You might  ask if there are any rules of etiquette for email.   Of course, as with any other social group, there are certain accepted practices of which you should be aware, and we shall discuss them shortly.  It is important to remember, however, that there are social conventions among people that go beyond the realm of email.  Clearly, polite society recognizes polite communication whatever the medium, and email users expect the same.  Generally, it is useful to have a well written document as well to make it easier for the recipient to understand your point.  If your email is for a particular club, organization or place of work, remember the code of conduct in that group and follow it as you would in face-to-face settings.

First, think about your email and whether it is appropriate to put your message in that medium.  Emails can easily be forwarded, printed and saved.  If what you want to say is confidential or hurtful, you might not want to use email.  Remember, although you delete the email, not everyone does.  Do not put anything in email that you do not want the world to see.

The second accepted practice among email users is DO NOT USE ALL CAPITALS IN YOUR EMAIL.  Capitalization always adds emphasis to your point.  However, in the world of email, capitalization is considered shouting.  Do not shout in your email any more than you would shout in face-to-face communications.   Some email users I know avoid all use of capital letters in an e.e. cummings approach to prose.  Clearly it avoids the image of shouting, but it can also be difficult for the recipient to read.

Third, respond to email as you would respond to a telephone call.  Some people find it very annoying to send a message and never receive a response.  While this takes time, it is generally accepted practice.  However, if you do not know the sender of the email and it is not a wanted email , then never reply to it.

Most email systems have a way of marking an email as urgent.  When that email appears in a recipient’s inbox, it is marked with a red exclamation point to get his or her attention.  This is a good system to help people identify really important messages.  But, if all of your messages appear this way, the identifier loses any significance.  So, use the urgent marker sparsely.

Many systems also have a way of asking for a return receipt that the email was read.  These popups are annoying to users because it adds and extra step in reading email.  It also clutters the sender’s inbox with those acknowledgments.  When the message is urgent and you need to be sure the recipient has read the message, then use this option.  Otherwise, ignore it.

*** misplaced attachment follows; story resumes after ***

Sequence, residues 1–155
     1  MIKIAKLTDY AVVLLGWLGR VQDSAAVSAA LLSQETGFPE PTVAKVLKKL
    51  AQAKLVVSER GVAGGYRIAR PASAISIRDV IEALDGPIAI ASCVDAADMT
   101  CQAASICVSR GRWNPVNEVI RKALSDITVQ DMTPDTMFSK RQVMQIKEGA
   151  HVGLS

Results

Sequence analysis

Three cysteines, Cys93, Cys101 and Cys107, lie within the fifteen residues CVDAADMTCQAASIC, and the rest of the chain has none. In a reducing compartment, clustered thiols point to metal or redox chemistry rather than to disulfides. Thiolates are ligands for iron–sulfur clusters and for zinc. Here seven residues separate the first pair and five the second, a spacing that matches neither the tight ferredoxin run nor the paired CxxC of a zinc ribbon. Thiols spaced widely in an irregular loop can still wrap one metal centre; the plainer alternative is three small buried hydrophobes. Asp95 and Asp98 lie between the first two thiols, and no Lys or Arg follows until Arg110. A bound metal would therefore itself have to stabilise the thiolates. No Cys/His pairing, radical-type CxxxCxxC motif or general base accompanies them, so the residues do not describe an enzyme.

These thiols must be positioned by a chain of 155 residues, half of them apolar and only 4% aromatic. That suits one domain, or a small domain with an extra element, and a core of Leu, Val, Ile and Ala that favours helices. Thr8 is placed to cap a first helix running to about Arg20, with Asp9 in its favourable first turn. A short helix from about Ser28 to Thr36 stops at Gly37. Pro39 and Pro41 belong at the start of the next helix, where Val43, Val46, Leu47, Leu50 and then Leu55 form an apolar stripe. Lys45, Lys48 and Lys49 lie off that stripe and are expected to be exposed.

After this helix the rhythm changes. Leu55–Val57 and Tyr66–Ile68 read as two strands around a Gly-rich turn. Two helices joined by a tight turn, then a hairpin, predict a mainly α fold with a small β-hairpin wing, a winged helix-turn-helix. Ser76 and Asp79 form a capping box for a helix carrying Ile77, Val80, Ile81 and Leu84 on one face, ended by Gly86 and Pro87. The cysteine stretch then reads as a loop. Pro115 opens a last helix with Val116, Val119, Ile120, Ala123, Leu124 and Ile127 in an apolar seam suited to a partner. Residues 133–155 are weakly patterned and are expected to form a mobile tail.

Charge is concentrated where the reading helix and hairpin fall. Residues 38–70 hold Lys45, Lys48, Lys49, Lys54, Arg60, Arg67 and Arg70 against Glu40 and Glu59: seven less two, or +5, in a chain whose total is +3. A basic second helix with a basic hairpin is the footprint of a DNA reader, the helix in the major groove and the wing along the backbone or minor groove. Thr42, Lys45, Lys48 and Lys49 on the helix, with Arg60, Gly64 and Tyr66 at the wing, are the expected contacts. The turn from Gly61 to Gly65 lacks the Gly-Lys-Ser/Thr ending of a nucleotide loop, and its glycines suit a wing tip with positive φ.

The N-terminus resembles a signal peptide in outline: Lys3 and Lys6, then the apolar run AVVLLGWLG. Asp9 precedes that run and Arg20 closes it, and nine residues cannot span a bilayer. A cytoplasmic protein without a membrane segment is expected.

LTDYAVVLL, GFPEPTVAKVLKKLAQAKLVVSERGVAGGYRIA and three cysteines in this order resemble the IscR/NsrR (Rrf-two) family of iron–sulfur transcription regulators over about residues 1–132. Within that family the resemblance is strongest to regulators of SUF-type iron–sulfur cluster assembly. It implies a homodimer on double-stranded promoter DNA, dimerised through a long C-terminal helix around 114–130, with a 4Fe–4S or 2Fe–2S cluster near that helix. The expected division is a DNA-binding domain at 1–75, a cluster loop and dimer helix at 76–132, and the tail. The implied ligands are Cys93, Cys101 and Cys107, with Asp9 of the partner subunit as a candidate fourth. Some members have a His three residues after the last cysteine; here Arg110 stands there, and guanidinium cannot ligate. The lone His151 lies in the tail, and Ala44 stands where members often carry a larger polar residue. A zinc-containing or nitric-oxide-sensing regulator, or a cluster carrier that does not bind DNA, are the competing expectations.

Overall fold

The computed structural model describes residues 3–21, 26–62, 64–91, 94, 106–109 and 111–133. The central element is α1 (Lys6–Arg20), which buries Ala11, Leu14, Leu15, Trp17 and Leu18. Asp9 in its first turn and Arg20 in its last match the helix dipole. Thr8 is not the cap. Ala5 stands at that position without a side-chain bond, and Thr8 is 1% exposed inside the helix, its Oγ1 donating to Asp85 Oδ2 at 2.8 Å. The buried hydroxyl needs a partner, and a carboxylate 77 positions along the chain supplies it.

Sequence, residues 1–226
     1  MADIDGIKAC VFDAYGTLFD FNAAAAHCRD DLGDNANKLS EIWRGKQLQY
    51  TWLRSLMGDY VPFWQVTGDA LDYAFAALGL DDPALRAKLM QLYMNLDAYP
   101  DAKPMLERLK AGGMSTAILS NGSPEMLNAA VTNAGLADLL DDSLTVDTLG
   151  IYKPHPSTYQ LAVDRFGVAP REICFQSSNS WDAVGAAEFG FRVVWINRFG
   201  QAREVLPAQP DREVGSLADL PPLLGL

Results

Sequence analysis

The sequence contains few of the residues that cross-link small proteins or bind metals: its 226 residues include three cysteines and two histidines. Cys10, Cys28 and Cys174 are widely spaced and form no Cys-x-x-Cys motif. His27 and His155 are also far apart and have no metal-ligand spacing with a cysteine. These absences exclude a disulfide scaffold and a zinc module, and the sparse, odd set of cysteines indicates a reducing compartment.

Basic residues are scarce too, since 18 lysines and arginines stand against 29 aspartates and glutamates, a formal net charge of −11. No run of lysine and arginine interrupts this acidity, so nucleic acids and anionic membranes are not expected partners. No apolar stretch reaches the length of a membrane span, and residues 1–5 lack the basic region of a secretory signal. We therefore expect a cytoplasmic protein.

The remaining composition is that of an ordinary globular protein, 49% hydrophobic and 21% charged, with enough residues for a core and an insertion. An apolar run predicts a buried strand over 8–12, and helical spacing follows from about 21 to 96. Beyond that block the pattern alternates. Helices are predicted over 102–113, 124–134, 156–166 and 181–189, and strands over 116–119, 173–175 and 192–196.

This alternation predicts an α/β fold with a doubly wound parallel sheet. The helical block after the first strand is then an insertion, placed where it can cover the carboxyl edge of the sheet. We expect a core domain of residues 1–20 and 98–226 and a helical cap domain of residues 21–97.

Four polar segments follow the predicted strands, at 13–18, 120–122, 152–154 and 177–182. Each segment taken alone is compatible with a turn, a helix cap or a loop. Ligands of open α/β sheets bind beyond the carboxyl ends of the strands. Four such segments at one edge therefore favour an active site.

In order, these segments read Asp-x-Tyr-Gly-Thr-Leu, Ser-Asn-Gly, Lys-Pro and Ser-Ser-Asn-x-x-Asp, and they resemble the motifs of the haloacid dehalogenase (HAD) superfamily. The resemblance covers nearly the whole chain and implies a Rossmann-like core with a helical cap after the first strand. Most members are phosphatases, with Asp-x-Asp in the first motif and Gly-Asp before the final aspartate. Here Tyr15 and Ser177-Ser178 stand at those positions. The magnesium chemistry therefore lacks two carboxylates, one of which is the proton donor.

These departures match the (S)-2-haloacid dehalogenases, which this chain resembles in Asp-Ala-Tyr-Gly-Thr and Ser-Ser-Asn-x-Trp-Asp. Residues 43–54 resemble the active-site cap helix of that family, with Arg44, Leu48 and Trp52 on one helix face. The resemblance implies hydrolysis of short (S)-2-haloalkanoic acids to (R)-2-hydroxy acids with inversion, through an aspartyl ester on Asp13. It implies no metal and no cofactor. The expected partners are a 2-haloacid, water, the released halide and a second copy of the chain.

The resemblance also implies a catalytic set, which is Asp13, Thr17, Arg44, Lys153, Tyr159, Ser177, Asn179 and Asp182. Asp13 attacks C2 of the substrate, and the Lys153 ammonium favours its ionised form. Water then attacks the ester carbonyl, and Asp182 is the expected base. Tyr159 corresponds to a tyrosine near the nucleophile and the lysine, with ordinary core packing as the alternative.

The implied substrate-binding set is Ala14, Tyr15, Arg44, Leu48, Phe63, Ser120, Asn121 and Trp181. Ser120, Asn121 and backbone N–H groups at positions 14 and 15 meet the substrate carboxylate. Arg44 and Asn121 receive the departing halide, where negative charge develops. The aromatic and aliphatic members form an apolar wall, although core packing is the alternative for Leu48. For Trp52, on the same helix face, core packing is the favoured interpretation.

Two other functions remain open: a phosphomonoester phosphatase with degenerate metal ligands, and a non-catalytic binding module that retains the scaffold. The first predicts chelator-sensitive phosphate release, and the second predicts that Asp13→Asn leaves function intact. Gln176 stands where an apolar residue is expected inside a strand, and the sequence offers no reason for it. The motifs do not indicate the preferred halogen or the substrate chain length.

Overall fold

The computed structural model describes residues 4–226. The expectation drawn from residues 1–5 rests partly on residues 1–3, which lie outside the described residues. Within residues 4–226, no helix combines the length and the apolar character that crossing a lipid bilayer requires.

Many people believe society should be more cautious as to what email we forward to others.  One way to keep in touch with others is to forward meaningful stories, photos and jokes to one’s friends.  But, not everyone has the same sense of humor and not everyone wants to receive these items.  Be cautious and think about your recipient before automatically forwarding something.  In particular, think hard and long before sending chain letters that promise either good or bad luck.

If you do forward email, remove the heading material before you do.  The headings often include a list of people to whom (and from whom) the email has been passed previously.  It may include several people’s signature as well.  Hence, the recipient needs to scroll down (sometimes a long way) before seeing the content you intend.  By removing this material, you shorten the email and protect the privacy of those people who received it previously because their email addresses are not constantly rebroadcast (as discussed below).

Eight, think about whom you include in a carbon copy (cc:) of your email.   There are two reasons to be concerned about this. First, you are sharing the email addresses of all of the recipients with all other recipients.   If they know each other, this is fine.  However, many people do not like sharing their email address with unknown individuals.  Respect their privacy and be cautious about how you do this (you can always use bcc: if you need to copy them).  In addition, you may be sending a statement that you do not intend by copying another individual.  If it is a confidential conversation and you copy someone else, a recipient may be hurt or offended.  Follow your common sense and the practices of the group you are emailing to make this decision.

Nine, if you reply to an email, be aware of how you are replying.  In all email systems, there are two reply options, one labeled “reply” and one labeled “reply all.”   The first (reply) sends your email only to the person who sent the email to you.  The second, however, sends your email to both the person who sent the email and anyone who was copied on the original email.   If you intend your message just for the original sender, you might be terribly embarrassed if the entire group reads your response.  Alternatively, if your goal was to inform the entire group about your answer, you will have missed your opportunity if you simply chose the reply option.

Finally, always make sure it is obvious from whom the email was sent.  This includes signing the email and/or using a signature.